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Columbia school board candidate interviews: Chris Horn


ABC 17 News is interviewing each of the seven candidates running for three open spots on the Columbia Board of Education. At least two of them will be new members -- only one incumbent is in the race.

That incumbent is Chris Horn.

Part of Horn's campaign is based on continuity on the board, which can be a challenge to serve on and take time to learn. Board member terms are three years.

Horn was among board members who supported renewing Superintendent Brian Yearwood's contract while some abstained, citing a rushed process.

CAMPAIGN FINANCE: Chris Horn's 40 days before election report

LUCAS GEISLER: Start off telling us a little about yourself and why you want to do this job.

CHRIS HORN: I'm not from Columbia. My parents were in the Air Force, so I moved every four or five years growing up. But I came here to the University of Missouri, got my math degree, started working, moved a couple of times with Shelter Insurance, my first employer. But came back in 2017, my wife and I moved back. We've got three kids. We love it here. My wife's a teacher in CPS. And so, you know, that's a little bit about me. And you know, I've enjoyed the board service, it has been an honor. It's been a privilege. It's been hard, but it's been worth it. And so yeah, I'm back to do it again.

GEISLER: How does the district continue to afford raises to continue to make sure that it stays competitive and keeps teachers on board?

HORN: We continue to be a really good steward of the funds that our local tax givers give us. You know, most of our funding is locally sourced. So in 2016, we passed the levy just for these sorts of things. We have a five-year model that we stick to that helps us understand kind of where we're going from ... a revenue and expense perspective.

And so it's when we passed that levy, we told the committee, the committee said, 'Ask what you need now, don't come back for a while.' And so we've been able to do that, despite having the Blankenship (court ruling) really reduce half of the funds that we get. And so you know, again, like over 60% of our funding is locally sourced. And so it's important that we stick to our five-year model so that we can understand kind of when we're starting to go into deficits, and when you have to go back to the community to ask for maybe another levy.

GEISLER: How do we make sure the district Is moving forward and improving state assessment numbers, which were relatively low this year?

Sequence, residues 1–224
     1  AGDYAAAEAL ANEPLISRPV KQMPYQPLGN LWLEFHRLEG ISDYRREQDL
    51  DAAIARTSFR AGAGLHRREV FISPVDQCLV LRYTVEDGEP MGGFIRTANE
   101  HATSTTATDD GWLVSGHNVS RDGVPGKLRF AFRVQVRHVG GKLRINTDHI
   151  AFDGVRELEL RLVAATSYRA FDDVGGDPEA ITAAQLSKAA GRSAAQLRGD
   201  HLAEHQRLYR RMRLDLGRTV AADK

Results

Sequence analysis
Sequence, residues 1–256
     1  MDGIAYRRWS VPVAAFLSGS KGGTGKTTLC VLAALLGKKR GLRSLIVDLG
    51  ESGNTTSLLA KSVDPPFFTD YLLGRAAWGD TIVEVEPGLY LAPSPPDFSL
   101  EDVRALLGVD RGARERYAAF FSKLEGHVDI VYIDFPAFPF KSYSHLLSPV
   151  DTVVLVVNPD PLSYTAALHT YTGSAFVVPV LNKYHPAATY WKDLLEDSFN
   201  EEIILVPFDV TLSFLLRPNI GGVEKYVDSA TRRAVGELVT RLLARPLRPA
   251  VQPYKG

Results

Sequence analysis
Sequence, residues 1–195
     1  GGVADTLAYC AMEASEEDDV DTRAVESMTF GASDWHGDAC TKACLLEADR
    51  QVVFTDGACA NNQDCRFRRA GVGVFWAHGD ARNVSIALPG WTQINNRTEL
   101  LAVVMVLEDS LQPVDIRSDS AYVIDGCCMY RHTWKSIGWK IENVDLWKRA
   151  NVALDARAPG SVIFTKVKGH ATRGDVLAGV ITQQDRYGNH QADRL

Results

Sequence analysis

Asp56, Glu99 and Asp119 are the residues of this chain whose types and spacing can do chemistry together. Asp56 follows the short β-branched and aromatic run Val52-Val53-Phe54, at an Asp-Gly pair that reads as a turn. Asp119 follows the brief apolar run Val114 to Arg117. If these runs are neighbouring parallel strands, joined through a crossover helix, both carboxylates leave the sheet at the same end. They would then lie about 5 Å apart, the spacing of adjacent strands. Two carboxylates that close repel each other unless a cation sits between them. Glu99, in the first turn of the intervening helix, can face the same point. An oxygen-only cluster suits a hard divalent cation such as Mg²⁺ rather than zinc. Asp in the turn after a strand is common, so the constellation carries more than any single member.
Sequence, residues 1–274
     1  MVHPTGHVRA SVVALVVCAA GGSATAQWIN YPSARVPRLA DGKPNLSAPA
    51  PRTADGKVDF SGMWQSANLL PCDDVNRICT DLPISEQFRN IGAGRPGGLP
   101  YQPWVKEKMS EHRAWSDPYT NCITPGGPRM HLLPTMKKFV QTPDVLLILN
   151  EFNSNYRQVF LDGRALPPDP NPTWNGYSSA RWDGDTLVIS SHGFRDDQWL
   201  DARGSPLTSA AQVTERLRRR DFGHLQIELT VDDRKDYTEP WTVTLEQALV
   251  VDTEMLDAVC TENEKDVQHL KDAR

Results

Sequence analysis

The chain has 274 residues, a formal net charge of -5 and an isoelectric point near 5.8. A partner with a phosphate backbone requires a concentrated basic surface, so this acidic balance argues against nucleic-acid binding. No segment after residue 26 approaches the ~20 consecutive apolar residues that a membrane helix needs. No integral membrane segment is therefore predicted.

HORN: So nobody wants to be here. Like nobody wants to see those. And so I think the thing that was probably most troubling for me was that it came as a surprise to many more in our community. You know, historically, we haven't served our underprivileged or under our historically underrepresented communities well, and our kids who find themselves with those identities well, either. And so, you know, this wasn't new.

And this is something you know, we hear about the achievement gap a lot. This is something we've always been trying to close. And, you know, we don't talk a lot about the opportunities and the barriers to those opportunities that present that achievement gap. And so, you know, the good thing is we've got a superintendent who is keenly focused on achieving or improving achievement for all of our kids. And we've got a superintendent who's really interested, and making sure we're talking about this publicly. So we can hold ourselves accountable to the public, for the benefit of our kids.

And so, so that's, that's really, really exciting. You know, we got a presentation today about how we can better use data as a diagnostic tool, not only to understand where we are, but also to communicate externally about where we are. So all those things are in the works. And, you know, again, nobody wants to be here. But we've got administration, and we've got a board is laser-focused on making sure that we continue to get better.

GEISLER: How do you see yourself as a board member being able to help the district improve?

HORN: That's a great question. We as a board and as board members, we have specific responsibilities you hear guys talking about, you know, our responsibility for setting policy, our responsibility for being fiscally responsible for managing our long-range plans. Those are all well and true. And I think the better that we can focus on our responsibilities, the better we can govern the district.

The less we encumber, our superintendent, and subsequently our administrators and our educators from being able to do the things that we've asked them to do. We can better lead from that perspective. We can set better examples on how to lead ... we can get out of being reactive, which we are within the pandemic, we can understand the reactive mode from there. But we've got to get ahead of that reactive mode and start getting more proactive so that we can make sure that our policies are well and they support the work that our superintendent and our educators are trying to do.

GEISLER: Anything else you want voters to know?

I think is important to remember that stability and continuity are gonna be really important. You know, we've got a young tenured board, we've got a new superintendent doing great things and you know, we've got to be able to govern and lead well.

Article Topic Follows: Your Voice Your Vote

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